Sunday, July 21, 2019

High Desert Kill (1989)

The friends Jim (Anthony Geary), Brad (Marc Singer) and Paul (Vaughn Armstrong) have been making an annual hunting trip for ages. This year’s outing is a rather sad one, for Paul has died in a horrible accident, and Jim and Brad are taking Paul’s nephew Ray (Micah Grant) with them to scatter Paul’s ashes in the high desert, as per his wishes. It’s pretty clear that Paul was the glue that kept this particular friendship together, for the pretty sensitive medical researcher Jim and the ultra-macho Brad are clearly just one honest talk away from being on the outs forever. The presence of the younger Ray – an actor/model who is the national face of one of those pseudo-rugged outdoorsy companies that are neither rugged nor outdoorsy  - doesn’t help calm things down terribly well, either; his not being his uncle probably has a lot to do with that, as does the generation gap between the man and the one between their personalities.

Once they arrive at the place where they want to make their base camp site, the trio meet grizzled hunter Stan (grizzled Chuck Connors). Stan has bad news for them. Apparently, there’s not a trace of game animals – or really any animal – to find in the area, something the experienced Stan has no explanation for whatsoever. It becomes quickly clear that something is not at all right with the place, even ignoring the lack of animals. It is as if some invisible power were watching the group, playing with their moods and emotions in inexplicable ways, as if something were having its perverse fun, or perhaps were experimenting, with the hunters.

TV veteran Harry Falk’s High Desert Kill is a wonderful example of what could be done within the realm of the made-for-TV movie when the stars were just right, and the right script met the right cast and director in just the right mood. The script by Mike Marvin, Darnell Fry and T.S. Cook is about as Fortean as you could imagine, mixing various elements of High Strangeness with a variation on Fort’s “we are cattle”, and coming up with something that is tense, weird, yet also grounded in a believable depiction of a type of male friendship. This depiction makes it easy to buy into the stranger elements of the film, adding an additional frisson of wrongness to moments like the scenes where Brad comes upon the other three men huddled around a fire cavemen-style, bloodied and gnawing on the raw liver of a bear they had to kill off-screen. In fact, there are a couple of important things happening off-screen, perhaps for budgetary reasons; however it came about, the film only showing us the consequences of certain things also very effectively suggests that there is something wrong with time, space, and memory, the characters seemingly not quite living in a linear, observable reality anymore.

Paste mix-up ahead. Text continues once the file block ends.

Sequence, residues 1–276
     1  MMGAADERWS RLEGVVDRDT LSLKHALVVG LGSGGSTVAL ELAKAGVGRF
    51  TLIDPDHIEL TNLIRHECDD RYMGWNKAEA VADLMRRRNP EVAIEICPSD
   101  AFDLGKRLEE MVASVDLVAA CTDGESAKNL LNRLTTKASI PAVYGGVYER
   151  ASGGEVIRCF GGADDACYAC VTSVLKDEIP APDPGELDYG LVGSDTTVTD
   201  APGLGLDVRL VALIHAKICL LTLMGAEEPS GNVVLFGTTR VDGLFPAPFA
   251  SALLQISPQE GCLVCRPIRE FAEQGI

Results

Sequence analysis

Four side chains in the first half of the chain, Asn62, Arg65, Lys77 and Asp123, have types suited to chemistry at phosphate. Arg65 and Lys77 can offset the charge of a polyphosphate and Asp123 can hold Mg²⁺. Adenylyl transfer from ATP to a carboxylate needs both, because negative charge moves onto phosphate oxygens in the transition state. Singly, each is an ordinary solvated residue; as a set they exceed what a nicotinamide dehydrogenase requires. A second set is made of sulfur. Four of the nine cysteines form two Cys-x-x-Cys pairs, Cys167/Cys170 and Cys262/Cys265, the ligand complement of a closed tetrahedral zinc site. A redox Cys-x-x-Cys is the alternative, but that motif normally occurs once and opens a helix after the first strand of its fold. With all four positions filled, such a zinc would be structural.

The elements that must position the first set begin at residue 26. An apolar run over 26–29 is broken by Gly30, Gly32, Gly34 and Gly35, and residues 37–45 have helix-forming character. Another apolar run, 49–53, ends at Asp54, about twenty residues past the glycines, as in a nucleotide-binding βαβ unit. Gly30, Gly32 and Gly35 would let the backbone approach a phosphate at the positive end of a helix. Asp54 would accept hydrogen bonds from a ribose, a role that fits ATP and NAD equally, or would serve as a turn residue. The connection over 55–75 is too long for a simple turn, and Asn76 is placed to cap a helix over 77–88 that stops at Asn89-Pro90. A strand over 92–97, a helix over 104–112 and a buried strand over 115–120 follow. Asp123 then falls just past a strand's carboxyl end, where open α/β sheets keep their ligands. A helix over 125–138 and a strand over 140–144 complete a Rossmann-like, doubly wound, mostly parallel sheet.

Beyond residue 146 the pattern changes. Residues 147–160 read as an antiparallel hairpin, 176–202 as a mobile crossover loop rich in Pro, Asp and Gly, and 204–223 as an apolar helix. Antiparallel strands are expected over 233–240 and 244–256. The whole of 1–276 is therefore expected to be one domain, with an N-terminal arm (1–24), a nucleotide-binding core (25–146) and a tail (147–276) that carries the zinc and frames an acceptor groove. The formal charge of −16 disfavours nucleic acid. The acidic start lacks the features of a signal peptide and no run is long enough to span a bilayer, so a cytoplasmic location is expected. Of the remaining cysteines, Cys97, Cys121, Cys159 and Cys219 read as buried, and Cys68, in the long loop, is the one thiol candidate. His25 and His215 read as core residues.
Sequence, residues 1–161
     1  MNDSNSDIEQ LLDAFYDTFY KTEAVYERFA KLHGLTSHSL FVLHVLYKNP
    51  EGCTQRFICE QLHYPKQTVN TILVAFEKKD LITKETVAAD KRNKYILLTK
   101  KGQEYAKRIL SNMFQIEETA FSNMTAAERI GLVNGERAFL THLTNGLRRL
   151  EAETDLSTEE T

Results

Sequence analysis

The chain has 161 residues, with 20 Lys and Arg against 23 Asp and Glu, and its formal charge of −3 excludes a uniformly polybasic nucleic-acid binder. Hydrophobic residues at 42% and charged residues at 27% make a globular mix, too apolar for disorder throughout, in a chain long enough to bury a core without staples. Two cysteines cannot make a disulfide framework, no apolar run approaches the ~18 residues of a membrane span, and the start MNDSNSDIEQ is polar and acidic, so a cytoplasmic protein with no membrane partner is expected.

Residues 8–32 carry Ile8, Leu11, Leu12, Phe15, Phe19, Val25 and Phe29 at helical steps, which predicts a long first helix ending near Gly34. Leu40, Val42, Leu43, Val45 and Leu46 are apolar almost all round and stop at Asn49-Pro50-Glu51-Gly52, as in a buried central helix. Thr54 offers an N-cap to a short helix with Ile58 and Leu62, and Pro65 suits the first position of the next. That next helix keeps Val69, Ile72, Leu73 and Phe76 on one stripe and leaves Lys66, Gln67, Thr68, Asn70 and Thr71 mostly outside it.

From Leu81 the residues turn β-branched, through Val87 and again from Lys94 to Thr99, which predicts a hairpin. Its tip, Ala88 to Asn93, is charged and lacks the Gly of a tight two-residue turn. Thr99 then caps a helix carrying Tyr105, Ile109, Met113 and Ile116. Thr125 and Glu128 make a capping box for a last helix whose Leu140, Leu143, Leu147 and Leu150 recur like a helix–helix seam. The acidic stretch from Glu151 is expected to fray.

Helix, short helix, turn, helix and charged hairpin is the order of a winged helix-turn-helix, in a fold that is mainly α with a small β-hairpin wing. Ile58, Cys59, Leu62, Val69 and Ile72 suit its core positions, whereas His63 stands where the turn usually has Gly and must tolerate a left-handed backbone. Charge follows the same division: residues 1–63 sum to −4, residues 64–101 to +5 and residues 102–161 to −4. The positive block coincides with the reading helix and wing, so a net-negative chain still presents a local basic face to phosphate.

As an old TV hand, Falk’s not the most stylish of directors, but he does make excellent use of the eeriness of the high desert, suggesting the presence of the thing that is haunting the characters through colour filters, sudden absences of sound, and other tricks of that sort. It’s really effective work, particularly in combination with a minimal synth soundtrack by Dana Kaproff that provides additional low budget otherworldliness, and performances that are over the top in just the right way, suggesting the mental pressure and the malignant outside influence on the characters, while also adding a suggestion of complexity to the men.

The ending’s not quite as great as the rest of the movie, explaining things a bit too pat, and resulting in a clever yet not completely convincing finale of dramatic shouting that seems to come right out of an episode of the original Outer Limits (which is not a bad place to come from). The traditional horror movie bullshit ending is very effective, suggesting all kinds of nasty things in the future of the protagonists.

High Desert Kill is a fine movie, using most of the deficits that come with a low budget and a short shooting schedule as ways to add eeriness and weirdness to the whole affair, resulting in one of the best Fortean horror films I know.

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